Wednesday, Gov. Sam Brownback signed the budget he was provided by the Legislature while announcing $97 million in cuts to spending that the Legislature left up to him to make. 

Most of the money cut will come out of KanCare, which accounts for about 20 percent of the state's general fund budget. The largest single cut is nearly $40 million out of the Kansas Department of Health & Environment with the next highest cut being $17.5 million out of the Department for Aging & Disability Services, these are the two agencies responsible for administering Medicaid. These cuts will also result in a loss of around $72 million in federal funding because the federal government provides $1.28 for every $1 the state spends on Medicaid. 

In response to these cuts, the Kansas Hospital Association released a statement claiming these cuts will threaten access to care. 

"Health care providers have been good partners regarding KanCare, in spite of the fact that the program pays them less than the cost of providing care; in spite of growing financial pressure facing those providers; and in spite of increasing evidence that KanCare isn't working as promised," the statement reads. "The Governor's announcement will undoubtedly make some providers question whether they can continue to participate under such circumstances. Ultimately, and most importantly, that will threaten access to care in Kansas." 

The statement goes on to note that in Kansas the health care sector is the fourth largest employer and generates approximately $1.5 billion in state and local tax revenue annually. The Kansas Industry and Occupational Outlook puts health care among the top 10 job creators, showing more job growth than any other industry in the state. 

Higher education feels a large brunt of the cuts as well, with more than $30 million in all being cut. The University of Kansas and the University of Kansas Medical Center will lose more than $10 million between the two of them, Kansas State University and the KSU Veterinary Medical Center will lose just under $6 million. The Board of Regents is being cut by about $7 million. Even smaller schools are getting large cuts.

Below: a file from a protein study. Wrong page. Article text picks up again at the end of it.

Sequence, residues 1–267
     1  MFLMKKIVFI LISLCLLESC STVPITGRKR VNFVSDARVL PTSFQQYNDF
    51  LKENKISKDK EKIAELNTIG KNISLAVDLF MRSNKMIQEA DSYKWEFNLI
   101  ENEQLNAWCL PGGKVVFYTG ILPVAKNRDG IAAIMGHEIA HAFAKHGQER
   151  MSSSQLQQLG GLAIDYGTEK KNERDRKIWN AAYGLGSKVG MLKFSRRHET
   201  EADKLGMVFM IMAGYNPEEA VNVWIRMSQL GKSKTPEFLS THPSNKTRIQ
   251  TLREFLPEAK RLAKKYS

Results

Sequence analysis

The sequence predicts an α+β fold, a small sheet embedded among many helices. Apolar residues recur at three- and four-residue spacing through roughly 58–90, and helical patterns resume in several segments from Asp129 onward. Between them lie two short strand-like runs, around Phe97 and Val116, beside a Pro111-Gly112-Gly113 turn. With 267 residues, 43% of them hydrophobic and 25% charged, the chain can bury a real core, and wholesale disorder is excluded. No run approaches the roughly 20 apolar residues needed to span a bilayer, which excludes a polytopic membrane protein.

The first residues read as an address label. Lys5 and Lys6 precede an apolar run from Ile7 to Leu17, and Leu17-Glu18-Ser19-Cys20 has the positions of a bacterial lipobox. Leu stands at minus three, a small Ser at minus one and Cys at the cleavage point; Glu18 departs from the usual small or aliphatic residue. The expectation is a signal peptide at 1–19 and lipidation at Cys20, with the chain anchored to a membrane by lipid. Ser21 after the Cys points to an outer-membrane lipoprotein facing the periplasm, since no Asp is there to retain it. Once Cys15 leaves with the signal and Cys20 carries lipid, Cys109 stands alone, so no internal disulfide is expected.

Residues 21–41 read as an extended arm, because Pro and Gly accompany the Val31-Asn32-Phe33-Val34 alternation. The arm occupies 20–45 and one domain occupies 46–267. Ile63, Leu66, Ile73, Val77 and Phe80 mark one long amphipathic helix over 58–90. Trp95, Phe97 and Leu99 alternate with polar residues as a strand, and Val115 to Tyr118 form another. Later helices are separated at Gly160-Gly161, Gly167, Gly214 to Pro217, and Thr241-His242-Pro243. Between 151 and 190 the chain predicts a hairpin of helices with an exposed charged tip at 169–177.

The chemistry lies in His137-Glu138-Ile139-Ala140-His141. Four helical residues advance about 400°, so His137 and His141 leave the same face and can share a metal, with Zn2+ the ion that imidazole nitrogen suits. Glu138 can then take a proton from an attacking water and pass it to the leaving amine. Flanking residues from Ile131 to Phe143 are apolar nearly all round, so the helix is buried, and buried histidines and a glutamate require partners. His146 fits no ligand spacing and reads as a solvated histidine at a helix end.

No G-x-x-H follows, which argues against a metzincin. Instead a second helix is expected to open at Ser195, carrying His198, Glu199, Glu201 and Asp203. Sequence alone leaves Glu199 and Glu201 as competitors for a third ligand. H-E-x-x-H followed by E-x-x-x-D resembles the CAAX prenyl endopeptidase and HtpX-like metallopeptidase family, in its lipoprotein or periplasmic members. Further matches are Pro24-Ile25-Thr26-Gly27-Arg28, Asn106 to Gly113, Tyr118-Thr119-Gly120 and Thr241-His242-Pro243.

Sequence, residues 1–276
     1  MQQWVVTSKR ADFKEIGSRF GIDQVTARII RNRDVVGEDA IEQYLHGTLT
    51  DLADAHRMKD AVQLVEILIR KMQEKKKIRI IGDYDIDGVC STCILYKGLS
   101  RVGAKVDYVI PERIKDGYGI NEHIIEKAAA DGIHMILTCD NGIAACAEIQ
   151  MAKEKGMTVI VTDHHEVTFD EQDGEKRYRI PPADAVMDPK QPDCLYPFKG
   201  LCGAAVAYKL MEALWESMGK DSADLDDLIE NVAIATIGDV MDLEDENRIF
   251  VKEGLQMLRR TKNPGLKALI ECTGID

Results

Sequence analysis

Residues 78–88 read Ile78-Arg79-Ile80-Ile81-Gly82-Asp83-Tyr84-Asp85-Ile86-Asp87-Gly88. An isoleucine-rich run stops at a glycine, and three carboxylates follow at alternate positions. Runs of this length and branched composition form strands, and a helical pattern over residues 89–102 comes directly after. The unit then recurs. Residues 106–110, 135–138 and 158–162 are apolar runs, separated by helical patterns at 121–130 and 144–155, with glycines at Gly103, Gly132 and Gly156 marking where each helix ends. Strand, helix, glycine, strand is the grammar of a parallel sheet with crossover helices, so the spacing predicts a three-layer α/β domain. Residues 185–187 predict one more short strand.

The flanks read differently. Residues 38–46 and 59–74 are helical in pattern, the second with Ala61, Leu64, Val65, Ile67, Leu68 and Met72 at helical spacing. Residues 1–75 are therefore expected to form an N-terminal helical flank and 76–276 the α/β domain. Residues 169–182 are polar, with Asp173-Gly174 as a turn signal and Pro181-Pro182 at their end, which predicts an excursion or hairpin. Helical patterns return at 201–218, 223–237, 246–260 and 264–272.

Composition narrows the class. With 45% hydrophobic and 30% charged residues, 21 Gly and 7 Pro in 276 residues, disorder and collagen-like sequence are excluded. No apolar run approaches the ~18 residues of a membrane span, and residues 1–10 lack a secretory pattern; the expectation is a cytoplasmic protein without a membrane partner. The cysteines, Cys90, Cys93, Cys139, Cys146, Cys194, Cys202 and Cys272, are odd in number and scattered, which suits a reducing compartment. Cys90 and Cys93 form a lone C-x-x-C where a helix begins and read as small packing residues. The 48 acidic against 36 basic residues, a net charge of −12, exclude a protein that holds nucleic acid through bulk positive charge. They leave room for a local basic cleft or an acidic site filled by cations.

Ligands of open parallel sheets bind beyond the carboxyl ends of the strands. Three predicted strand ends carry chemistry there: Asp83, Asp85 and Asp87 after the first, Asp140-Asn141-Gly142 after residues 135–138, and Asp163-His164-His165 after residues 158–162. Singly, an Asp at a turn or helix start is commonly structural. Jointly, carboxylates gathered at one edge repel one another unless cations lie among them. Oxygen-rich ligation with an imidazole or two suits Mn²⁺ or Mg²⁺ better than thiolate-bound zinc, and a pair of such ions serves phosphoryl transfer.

With Pittsburg State University losing a little over $1 million in funding from the state, University President Dr. Steve Scott announced that for the first time students are actually funding more of their education at Pittsburg State than the state is.

KU spokesman Tim Caboni told the Lawrence Journal-World that, "given the magnitude of the $10.7 million reduction to KU, we will need a few days to carefully analyze its effects, which will be significant." 

In general, most state agencies will see a 4 percent reduction moving forward. The Department of Corrections, Kansas Bureau of Investigation, the Kansas Highway Patrol and state hospitals, as well as K-12 education are all exempt from cuts under the budget. 

The governor's office did state that if the Kansas Supreme Court determines that the state is not adequately funding education that it could require the state to spend an additional $40 million on schools, which could result in additional cuts to Medicaid and higher education. 

"The three main drivers of budget growth continue to be education, Medicaid and KPERS. We are working to slow the growth of government spending and our projected FY2017 expenditures are less than FY2015 actuals," the governor said in a statement. "Kansans cannot afford the explosive growth of state government spending that has occurred in the past."

The cuts should result in a surplus of about $87 million at the end of the fiscal year. There has been no suggestion from the Brownback administration that any changes will be considered in regards to the income tax cuts and LLC income tax exemptions that many in the state feel have directly resulted in the several years' worth of unbalanced budgets Kansas has dealt with since their passage.

Per capita, Kansas spends approximately $5,070 with the state budget, putting the state as the 35th lowest per capita expenditure. Colorado, Oklahoma, and Nebraska all spend over $5,500 per capita, but Missouri spends only $3,822 per capita.